OECD Economic Surveys: Austria

English
Frequency
Every 18 months
ISSN: 
1999-0189 (online)
ISSN: 
1995-3127 (print)
http://dx.doi.org/10.1787/19990189
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OECD’s periodic surveys of the Austrian economy. Each edition surveys the major challenges faced by the country, evaluates the short-term outlook, and makes specific policy recommendations. Special chapters take a more detailed look at specific challenges. Extensive statistical information is included in charts and graphs.

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OECD Economic Surveys: Austria 2017

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Author(s):
OECD
17 July 2017
Pages:
144
ISBN:
9789264278769 (PDF) ; 9789264278776 (EPUB) ;9789264278752(print)
http://dx.doi.org/10.1787/eco_surveys-aut-2017-en

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Austria is a stable and wealthy economy and growth has picked up following the 2016 tax reform and the recovery of export demand. Employment has expanded, driven by rising participation of women and elderly and by immigration, although hours worked per worker have declined. Nonetheless, like in most OECD countries, productivity has slowed. Boosting potential growth requires reforms in a broad range of areas.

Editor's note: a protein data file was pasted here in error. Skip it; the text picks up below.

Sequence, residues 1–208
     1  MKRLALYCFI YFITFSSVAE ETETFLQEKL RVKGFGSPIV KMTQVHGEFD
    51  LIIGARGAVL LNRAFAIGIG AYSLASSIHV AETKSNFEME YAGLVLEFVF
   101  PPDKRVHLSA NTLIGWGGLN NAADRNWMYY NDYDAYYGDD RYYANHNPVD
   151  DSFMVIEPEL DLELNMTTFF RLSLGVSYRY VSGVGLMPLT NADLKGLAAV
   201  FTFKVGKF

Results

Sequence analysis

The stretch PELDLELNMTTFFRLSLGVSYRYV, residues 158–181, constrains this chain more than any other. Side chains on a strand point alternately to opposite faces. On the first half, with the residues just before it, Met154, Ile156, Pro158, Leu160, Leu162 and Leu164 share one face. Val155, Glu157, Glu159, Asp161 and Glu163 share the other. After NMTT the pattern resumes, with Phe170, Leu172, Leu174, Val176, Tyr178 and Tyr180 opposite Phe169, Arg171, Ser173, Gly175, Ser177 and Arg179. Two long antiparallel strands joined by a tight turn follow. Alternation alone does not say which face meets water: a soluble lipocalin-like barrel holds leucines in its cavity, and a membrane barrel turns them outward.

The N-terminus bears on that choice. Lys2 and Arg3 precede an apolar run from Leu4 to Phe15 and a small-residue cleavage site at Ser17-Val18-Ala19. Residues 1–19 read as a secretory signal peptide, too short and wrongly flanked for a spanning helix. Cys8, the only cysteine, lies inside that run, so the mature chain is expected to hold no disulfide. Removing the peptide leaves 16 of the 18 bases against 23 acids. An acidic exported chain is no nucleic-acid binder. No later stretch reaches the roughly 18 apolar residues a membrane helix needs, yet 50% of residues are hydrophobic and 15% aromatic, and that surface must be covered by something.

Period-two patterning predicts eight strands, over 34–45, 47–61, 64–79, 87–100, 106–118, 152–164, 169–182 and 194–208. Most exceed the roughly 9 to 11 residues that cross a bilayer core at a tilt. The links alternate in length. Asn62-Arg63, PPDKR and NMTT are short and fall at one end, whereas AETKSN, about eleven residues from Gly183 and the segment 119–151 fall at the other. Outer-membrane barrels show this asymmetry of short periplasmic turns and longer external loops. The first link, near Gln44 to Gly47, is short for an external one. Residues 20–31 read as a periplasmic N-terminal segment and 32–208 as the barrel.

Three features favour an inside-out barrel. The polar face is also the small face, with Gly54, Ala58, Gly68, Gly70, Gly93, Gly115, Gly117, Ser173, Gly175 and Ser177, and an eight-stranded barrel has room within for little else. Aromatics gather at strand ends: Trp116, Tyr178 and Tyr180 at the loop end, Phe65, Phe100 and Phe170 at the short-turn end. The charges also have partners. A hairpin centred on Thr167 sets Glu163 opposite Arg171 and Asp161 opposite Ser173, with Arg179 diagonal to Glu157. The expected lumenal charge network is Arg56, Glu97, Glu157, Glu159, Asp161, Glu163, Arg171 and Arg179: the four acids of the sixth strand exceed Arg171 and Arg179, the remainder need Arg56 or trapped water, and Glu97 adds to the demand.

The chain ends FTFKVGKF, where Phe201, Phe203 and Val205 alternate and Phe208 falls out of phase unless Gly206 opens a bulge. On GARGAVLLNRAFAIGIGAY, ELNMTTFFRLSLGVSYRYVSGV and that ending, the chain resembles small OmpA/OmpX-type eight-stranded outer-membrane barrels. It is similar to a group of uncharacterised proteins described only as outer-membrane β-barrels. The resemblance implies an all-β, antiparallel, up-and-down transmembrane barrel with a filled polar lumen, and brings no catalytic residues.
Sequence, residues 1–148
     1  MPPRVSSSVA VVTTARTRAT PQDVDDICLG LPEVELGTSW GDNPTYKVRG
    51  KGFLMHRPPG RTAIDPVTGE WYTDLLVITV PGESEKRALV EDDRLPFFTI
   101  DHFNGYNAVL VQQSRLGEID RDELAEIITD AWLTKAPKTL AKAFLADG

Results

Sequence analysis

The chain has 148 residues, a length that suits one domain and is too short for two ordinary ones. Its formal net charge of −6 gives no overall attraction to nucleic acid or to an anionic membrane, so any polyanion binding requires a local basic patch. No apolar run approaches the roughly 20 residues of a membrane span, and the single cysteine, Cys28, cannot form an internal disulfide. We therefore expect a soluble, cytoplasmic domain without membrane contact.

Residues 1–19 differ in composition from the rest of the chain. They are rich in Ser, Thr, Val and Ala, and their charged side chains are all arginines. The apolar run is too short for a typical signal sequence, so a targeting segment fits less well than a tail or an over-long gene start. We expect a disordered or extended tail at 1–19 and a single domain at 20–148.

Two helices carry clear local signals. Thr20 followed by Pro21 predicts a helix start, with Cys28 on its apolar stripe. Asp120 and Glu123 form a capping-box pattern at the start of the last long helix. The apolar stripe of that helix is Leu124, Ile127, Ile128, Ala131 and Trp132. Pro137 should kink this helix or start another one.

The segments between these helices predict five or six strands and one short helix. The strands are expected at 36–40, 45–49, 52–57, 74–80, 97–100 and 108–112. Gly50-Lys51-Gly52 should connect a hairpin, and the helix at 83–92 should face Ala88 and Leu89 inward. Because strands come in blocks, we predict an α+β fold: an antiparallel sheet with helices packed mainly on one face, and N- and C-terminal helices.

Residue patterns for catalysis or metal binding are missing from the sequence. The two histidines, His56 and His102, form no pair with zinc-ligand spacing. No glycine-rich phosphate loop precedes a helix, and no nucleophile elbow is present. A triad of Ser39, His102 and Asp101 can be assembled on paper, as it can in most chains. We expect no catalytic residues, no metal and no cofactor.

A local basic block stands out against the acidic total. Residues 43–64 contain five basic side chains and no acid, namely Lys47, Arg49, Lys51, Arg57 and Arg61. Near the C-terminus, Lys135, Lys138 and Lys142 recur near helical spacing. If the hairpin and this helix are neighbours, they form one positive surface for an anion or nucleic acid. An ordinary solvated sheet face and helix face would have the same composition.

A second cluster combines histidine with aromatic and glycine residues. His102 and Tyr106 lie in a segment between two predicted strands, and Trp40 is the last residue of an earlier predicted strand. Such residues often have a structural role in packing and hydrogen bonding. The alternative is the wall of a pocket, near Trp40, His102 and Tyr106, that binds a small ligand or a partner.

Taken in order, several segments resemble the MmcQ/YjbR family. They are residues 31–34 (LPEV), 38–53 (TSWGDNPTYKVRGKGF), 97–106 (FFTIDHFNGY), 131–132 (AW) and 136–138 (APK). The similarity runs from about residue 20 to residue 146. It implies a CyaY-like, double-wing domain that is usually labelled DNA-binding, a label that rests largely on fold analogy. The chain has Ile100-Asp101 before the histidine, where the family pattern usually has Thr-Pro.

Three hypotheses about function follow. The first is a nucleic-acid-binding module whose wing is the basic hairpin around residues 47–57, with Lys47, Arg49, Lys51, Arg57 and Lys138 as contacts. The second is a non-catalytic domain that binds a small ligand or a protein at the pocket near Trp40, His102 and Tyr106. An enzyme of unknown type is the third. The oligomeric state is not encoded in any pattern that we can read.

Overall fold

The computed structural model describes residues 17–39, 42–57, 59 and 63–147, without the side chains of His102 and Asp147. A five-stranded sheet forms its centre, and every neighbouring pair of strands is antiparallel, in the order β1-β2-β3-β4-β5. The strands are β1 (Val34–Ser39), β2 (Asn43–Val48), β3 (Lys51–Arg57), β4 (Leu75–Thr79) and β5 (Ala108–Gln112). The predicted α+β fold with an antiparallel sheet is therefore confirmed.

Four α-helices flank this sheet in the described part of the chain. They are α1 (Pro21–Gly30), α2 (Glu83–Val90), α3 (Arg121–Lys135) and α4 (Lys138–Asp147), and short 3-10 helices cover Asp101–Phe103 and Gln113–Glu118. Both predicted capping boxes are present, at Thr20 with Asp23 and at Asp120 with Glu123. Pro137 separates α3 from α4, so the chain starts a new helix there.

Austria’s transition to a digital economy and society is progressing but is slower than in the most advanced economies. A whole-of-government approach should help embrace change and facilitate the flourishing of innovative businesses, work practices and lifestyles throughout Austria. Digitalisation will redesign production processes and alter the relationships between work and leisure, capital and labour, the rich and the poor, the skilled and the unskilled. Under the aegis of the “Digital Roadmap” they issued earlier in 2017, policy makers will need to ensure equality of opportunities in the race with technology, and find the appropriate level of redistribution of the gains associated with digitalisation to foster social cohesion.

SPECIAL FEATURES: DIFFUSING DIGITAL INNOVATIONS; LABOUR MARKETS IN THE DIGITAL ERA